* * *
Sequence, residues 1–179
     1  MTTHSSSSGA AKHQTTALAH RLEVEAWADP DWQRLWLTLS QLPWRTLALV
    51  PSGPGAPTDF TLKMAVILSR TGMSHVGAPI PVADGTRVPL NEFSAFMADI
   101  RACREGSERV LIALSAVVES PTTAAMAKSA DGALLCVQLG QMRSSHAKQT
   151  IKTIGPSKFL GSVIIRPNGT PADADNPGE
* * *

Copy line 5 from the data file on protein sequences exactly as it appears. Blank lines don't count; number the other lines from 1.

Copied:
   151  IKTIGPSKFL GSVIIRPNGT PADADNPGE